Last week, Germany and Italy lined up against each other for a friendly, but the atmosphere was everything but. The reason is that, apart from Brazil, there is no one country against whom Germany has a worse record than Italy: over the last 30 games, they have only booked seven wins against the Italians, whilst drawing nine and losing a disastrous fourteen games. To make matters worse, their last win was 16 years ago, and one of the many defeats they have suffered fell at just the wrong time and in just the wrong competition.
Millions against mini-budget, record-holders against relegation candidates, favourites vs. underdogs: the contrasts s loaded up onto the game at the top of the league could not have been greater. Bayern München, a financially high-powered team who are favourites to take the title played against Mainz 05, genuine underdogs who have surprised everyone by going to the top of the table this season – and staying there.
It was the fourth match-day, and in this year’s Bundesliga, that could only mean one thing: derby time! In Wolfsburg, Gelsenkirchen and Hamburg too, neighbouring clubs lined up against each other, and it is this last local clash that really stood out. After all, it had been 48 years since the city rivals HSV and St. Pauli had met on the latter’s home turf at Millerntor. Up until this point, all meetings between the two teams had always ended up being relocated to HSV’s far bigger stadium at Volkspark.
Last week must have been difficult for all of you Bundesliga junkies: the season had just got going, and suddenly there was a pause for international games; and they weren’t even high-adrenaline games, either. We were forced into watching teams like Denmark, Belgium and Azerbaijan. That’s all over now, though: play started again on the weekend – and if you’re anything like me, you couldn’t wait!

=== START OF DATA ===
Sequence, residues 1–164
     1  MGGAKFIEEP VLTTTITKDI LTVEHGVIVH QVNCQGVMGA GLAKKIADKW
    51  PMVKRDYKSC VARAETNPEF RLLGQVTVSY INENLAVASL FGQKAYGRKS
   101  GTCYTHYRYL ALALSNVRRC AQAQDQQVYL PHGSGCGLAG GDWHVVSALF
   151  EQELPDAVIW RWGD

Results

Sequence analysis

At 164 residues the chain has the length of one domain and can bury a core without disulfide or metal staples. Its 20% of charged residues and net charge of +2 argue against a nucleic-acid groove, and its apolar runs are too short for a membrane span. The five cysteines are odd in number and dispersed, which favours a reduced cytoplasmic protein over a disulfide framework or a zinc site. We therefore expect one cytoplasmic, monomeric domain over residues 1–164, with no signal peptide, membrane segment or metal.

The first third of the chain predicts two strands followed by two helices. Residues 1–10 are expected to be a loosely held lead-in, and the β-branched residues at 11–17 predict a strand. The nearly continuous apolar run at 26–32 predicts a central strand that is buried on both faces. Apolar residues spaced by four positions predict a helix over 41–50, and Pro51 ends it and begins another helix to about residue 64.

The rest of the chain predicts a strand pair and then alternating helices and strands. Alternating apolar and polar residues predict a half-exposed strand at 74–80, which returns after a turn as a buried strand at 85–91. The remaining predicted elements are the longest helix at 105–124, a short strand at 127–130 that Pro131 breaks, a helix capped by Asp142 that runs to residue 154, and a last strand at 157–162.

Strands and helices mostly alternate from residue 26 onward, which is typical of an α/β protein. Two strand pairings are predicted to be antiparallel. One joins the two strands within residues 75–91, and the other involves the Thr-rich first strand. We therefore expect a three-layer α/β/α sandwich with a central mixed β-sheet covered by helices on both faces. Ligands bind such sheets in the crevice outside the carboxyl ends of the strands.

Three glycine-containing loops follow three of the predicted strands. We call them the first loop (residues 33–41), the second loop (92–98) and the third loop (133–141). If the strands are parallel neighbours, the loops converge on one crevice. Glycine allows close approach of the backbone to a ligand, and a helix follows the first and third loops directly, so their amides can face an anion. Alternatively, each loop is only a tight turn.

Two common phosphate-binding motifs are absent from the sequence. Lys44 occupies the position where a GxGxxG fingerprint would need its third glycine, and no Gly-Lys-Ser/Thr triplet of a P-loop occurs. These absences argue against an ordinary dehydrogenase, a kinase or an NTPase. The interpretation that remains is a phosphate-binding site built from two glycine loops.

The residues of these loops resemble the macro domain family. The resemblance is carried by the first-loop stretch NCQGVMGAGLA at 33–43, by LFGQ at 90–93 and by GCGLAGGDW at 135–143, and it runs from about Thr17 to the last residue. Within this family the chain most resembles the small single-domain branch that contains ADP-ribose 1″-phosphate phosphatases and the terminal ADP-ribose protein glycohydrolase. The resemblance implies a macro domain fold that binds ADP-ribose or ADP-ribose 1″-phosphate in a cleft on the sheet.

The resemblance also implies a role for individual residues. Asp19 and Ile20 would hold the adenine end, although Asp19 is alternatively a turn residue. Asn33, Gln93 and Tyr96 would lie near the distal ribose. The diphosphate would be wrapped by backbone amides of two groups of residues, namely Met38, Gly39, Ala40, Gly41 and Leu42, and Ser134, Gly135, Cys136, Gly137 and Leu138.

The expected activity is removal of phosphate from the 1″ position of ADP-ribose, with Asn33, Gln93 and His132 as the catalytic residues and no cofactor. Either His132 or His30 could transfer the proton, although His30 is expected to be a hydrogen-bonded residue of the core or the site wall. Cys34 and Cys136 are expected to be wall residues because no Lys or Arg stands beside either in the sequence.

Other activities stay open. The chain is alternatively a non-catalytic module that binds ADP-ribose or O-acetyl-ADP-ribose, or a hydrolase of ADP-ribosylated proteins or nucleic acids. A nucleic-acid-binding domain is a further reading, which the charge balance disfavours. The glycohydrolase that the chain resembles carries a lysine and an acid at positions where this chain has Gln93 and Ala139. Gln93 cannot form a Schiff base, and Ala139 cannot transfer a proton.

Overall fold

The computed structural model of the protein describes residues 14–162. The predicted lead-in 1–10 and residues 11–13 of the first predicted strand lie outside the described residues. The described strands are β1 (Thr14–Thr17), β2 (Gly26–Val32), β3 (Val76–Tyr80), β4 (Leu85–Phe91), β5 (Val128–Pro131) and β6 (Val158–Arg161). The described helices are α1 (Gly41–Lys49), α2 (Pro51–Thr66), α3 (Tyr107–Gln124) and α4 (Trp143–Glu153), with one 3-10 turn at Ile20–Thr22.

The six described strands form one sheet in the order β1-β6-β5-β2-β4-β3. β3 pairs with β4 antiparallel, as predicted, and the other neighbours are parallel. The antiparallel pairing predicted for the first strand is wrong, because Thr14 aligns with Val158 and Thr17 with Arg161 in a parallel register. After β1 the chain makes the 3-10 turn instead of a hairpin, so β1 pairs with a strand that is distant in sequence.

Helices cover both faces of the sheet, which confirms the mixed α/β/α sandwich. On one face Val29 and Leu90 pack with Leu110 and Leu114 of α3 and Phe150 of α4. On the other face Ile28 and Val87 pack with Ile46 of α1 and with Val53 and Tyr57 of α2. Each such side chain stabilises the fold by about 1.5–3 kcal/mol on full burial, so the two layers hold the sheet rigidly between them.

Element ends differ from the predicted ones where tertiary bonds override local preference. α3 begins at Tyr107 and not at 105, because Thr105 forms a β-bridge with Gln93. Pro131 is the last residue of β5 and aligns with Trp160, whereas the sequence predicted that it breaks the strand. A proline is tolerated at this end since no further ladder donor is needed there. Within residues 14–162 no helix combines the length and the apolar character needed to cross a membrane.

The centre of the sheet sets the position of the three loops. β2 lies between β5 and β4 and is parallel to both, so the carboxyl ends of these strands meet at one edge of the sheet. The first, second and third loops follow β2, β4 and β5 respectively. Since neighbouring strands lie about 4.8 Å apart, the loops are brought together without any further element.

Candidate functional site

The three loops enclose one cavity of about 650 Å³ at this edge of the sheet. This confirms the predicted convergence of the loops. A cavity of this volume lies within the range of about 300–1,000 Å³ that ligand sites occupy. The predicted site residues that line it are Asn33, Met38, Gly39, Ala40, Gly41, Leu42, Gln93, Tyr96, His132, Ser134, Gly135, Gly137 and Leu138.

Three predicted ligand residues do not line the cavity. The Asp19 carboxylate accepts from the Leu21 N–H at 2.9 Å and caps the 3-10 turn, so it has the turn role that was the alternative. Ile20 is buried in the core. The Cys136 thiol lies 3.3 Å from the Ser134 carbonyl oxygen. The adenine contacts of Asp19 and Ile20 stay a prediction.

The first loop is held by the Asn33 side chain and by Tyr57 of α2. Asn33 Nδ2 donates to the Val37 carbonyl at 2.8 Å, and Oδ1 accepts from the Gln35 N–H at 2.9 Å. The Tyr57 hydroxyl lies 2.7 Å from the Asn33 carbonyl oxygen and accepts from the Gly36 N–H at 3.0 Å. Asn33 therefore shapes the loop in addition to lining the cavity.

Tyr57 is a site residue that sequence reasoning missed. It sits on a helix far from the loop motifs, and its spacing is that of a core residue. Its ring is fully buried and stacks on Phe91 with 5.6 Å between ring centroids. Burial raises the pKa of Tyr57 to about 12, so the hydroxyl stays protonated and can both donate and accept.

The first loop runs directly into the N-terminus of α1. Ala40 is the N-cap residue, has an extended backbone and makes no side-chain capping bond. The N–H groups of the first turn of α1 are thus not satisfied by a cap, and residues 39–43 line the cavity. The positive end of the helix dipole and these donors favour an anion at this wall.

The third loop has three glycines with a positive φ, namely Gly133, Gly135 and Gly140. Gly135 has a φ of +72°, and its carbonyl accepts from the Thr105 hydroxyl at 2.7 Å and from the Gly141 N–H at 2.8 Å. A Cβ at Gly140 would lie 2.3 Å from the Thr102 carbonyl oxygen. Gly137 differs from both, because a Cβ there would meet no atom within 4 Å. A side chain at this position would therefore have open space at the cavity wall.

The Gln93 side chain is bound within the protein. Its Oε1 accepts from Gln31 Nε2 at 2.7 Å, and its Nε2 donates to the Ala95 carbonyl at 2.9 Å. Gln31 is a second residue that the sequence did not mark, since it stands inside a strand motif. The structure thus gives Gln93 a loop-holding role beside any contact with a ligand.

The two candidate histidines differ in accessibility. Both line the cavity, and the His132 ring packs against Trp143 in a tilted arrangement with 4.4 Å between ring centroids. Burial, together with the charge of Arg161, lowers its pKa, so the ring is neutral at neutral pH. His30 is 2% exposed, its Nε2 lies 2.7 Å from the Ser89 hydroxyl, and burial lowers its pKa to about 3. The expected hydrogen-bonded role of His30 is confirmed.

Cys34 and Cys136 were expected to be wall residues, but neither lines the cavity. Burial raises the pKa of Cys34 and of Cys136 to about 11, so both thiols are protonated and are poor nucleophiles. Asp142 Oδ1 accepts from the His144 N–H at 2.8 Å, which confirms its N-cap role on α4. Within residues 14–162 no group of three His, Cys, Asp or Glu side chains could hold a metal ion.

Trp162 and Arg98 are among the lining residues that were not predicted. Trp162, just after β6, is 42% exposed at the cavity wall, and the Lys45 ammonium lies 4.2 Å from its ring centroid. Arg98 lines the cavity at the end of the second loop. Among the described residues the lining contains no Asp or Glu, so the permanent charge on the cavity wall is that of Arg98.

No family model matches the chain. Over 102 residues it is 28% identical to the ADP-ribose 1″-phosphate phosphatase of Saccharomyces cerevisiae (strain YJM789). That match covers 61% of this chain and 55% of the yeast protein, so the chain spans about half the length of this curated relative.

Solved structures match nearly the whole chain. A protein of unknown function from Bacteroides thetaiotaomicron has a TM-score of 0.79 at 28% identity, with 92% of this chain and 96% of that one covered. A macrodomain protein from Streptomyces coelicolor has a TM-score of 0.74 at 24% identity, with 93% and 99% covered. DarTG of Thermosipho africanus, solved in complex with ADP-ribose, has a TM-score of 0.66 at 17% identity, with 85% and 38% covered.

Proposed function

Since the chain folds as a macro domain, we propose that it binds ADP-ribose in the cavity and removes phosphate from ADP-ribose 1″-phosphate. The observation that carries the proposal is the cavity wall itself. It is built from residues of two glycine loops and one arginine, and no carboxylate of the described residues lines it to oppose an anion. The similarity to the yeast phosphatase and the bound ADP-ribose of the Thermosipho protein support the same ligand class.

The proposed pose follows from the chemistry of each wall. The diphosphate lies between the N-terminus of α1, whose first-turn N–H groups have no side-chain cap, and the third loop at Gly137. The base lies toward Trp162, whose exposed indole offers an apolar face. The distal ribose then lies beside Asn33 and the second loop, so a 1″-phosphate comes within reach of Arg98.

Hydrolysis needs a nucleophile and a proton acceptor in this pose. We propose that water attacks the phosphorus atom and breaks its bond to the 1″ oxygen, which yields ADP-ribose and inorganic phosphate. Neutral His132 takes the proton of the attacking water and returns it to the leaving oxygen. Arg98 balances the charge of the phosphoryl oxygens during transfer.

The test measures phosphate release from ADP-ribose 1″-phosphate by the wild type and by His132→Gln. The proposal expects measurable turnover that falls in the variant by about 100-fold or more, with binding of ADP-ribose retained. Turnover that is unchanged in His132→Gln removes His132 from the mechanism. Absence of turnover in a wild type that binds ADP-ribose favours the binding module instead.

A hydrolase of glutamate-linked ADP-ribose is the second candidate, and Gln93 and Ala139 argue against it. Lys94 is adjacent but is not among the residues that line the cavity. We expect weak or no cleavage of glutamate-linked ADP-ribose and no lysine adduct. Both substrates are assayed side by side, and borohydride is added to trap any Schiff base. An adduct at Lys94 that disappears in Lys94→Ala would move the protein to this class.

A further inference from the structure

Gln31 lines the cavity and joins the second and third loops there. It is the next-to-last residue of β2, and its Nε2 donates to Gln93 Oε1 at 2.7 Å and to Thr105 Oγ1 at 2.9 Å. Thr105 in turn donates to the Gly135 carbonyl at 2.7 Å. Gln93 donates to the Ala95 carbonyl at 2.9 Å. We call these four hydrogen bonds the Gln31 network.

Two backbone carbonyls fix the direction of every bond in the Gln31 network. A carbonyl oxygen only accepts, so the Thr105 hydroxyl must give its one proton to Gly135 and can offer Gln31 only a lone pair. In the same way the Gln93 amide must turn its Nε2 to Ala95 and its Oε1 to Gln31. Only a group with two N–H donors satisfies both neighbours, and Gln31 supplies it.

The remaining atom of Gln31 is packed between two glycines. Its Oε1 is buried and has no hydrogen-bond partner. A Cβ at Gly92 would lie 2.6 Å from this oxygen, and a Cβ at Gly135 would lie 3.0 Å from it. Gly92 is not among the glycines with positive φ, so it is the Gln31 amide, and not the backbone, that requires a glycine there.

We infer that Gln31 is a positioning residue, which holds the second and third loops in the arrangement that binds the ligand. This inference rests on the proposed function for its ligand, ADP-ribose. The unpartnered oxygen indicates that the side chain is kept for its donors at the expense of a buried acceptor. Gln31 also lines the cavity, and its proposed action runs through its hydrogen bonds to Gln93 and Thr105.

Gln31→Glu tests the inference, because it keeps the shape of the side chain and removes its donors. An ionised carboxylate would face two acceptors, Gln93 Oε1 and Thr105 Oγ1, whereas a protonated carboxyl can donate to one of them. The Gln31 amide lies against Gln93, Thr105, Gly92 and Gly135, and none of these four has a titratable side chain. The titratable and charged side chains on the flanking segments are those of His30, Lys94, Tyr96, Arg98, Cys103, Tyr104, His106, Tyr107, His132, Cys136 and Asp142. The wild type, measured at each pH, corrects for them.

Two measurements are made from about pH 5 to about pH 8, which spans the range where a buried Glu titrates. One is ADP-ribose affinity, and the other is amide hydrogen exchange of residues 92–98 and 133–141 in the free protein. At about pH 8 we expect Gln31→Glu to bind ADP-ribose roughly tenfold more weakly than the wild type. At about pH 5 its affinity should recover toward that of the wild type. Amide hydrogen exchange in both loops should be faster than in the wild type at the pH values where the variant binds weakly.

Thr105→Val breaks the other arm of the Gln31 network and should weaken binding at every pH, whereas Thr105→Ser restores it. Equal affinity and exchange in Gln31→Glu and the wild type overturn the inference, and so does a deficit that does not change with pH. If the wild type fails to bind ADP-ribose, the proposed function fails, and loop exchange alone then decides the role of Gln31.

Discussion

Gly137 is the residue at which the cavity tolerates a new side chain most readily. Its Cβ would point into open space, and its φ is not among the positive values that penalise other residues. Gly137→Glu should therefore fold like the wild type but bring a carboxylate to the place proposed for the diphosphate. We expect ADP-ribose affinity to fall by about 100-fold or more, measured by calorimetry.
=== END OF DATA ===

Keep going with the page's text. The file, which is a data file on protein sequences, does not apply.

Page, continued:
This Saturday, 22nd May, Bayern Munich will be playing in the Champions League final against Inter Milan. Yes, you read right: on a Saturday! It’s unusual, what with Wednesday tending to be the day for European football – but the marketing whizzes from UEFA will no doubt have noticed that Saturday is far better for viewing figures. And we all know that bad TV ratings are a sure way to destroy a good competition.
Birthday-boy Arjen Robben netted the decisive goal in this weekend’s top Bundesliga match between Bremen and Bayern Munich. The free-kick, taken from some 20 meters on the far right of the penalty box was whipped in – passing friend and foe in the box – and dipped in time to stroke the underside of the bar and land in the top corner.
The Bayern winger threw his hands up in celebration and sprinted to the dug-out where Bayern coach Louis van Gaal was involuntarily lying on his back after loosing his footing in celebration. A pile-up ensued and van Gaal was left sucking an injured finger. Not that he minded – Bayern dominated the game, created chances at will and played some mouth-wateringly good football.
He lurks. He is patient. Praying on naivety, choosing the right moment, he makes him move. He rarely misses an opportunity. You might wish he were not there, but ignoring him doesn’t make him any less real.
The bogeyman is no other than the team people love to hate – Bayern Munich. The Bavarians are adept at snatching titles at the last minute. Ask Leverkusen. Or, for the crowning glory of the bogeyman’s triumphs, ask Schalke.
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However, in sixth place, with an indifferent start to the season, Munich are hardly cruising. Dutch coach Louis van Gaal has yet to have the expected impact. A 2-1 away victory this weekend was enough to see off Freiburg, but problems remain.